In 2016, US millennials overtook the country’s dominant baby boomers to become America’s largest generation. And although over in aging Europe, millennials are still only a minority of the adult populations in their respective countries, the group has become a driving force for marketers.
Marketers have been studying, stalking, successfully engaging and occasionally stereotyping US millennials for years. But striking gold with the American version doesn’t guarantee success with millennials in other parts of the world; after all, there are intricate cultural, socioeconomic, and political factors that shape consumers’ attitudes and approach to life.
However, there are a few key similarities in the way these young consumers view life and make decisions.
Home ownership: Despite common speculation that millennials aren’t willing to settle down or follow along the traditional stepping stones of adulthood, most millennials do dream of owning a home. The problem is that most can’t afford one, even though millennials in the US are more confident that they can make the dream of homeownership come true.
US millennials aren’t the only ones who covet the status, success and freedom that homeownership signals to others: Italians vie for status and Spaniards appreciate the freedom nearly as much as their US counterparts do, according to CEB data.
Cause and sustainability: Media portrayals of millennials are often conflicting. Some praise them for supporting and/or seeking employment at socially responsible companies, or their willingness to pay extra for sustainable offerings; others call out millennials’ hypocrisy and question whether their good intentions line up with real-life actions. Middle-ground observers suggest that Millennials are living out their sustainable beliefs in their own unique ways.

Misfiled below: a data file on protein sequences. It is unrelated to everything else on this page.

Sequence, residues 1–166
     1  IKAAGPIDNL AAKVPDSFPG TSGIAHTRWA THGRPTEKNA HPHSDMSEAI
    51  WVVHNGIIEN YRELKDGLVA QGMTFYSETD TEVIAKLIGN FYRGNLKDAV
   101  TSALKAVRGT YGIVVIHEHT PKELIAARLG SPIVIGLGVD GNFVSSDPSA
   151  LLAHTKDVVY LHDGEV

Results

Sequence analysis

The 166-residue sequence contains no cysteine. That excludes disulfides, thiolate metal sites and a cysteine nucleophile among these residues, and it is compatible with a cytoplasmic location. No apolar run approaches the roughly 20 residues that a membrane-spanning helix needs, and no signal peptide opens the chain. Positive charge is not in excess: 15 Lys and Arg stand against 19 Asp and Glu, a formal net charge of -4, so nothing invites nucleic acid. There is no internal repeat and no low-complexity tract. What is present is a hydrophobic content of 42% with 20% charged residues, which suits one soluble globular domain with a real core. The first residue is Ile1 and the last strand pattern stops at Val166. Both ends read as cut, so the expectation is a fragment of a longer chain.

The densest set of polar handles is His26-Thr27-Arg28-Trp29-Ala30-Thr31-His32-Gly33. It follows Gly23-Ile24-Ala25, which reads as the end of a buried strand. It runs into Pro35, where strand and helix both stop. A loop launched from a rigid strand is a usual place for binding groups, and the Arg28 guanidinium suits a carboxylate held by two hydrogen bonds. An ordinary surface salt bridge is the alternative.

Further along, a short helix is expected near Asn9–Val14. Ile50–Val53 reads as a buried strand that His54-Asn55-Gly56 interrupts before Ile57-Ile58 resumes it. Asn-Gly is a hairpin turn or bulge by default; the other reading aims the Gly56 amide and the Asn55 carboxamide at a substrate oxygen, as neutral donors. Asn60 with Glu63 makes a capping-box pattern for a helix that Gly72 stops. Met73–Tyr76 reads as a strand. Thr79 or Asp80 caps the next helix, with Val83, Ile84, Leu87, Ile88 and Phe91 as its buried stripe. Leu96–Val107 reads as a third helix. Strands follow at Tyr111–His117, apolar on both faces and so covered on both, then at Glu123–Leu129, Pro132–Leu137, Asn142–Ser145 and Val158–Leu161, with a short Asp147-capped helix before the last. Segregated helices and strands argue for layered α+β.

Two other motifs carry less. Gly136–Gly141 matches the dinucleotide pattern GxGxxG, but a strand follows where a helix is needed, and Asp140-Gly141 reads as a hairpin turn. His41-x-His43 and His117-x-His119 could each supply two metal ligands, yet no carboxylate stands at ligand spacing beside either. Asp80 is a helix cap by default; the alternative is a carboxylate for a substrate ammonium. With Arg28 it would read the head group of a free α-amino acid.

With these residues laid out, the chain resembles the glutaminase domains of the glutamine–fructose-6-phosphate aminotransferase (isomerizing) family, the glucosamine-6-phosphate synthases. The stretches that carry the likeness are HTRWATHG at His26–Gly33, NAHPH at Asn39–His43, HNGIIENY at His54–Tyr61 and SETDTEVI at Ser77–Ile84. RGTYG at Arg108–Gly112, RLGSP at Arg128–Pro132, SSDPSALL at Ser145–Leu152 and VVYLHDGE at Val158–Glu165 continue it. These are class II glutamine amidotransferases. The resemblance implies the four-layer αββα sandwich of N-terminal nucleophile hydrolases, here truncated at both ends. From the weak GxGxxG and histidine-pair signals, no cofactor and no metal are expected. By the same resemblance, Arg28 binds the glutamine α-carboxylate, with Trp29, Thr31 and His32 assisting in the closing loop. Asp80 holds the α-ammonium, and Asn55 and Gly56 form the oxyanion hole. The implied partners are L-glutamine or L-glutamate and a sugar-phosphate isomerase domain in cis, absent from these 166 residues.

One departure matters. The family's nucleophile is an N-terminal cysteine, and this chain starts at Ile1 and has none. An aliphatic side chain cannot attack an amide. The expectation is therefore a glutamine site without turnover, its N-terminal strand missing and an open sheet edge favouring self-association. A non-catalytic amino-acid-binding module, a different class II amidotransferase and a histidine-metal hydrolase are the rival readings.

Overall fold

In fact, according to CEB data, millennials — both in the US and Europe — generally support socially responsible brands and believe in sustainability as a principle, but their personal support for sustainability, and the extent of their personal actions as part of a more sustainable lifestyle, are moderate at best.
Refugee support: The efforts and generosity of socially conscious Europeans to welcome refugees into their home countries has been noticed by many.
However, when CEB asked American and European millennials about their attitudes towards refugee relief efforts, the majority admit to having little personal interest in helping the cause. Some cite practical, economic reasons; others are ideologically opposed to taking on personal or even collective responsibility for helping out refugees in need.
Money is the culprit: A common theme that brings all three topics together is money, a clear narrative of cash-strapped millennials, many who have become adults in a time of relative scarcity, feel stuck in an endless stressful loop.
Lack of funds is the primary obstacle to homeownership, yet the most common motivator to buy a home is the aspiration to “stop wasting money.” Likewise, limited personal finances are also the main reason millennials say they are not able to lead a “greener” lifestyle or assist refugees, according to CEB data.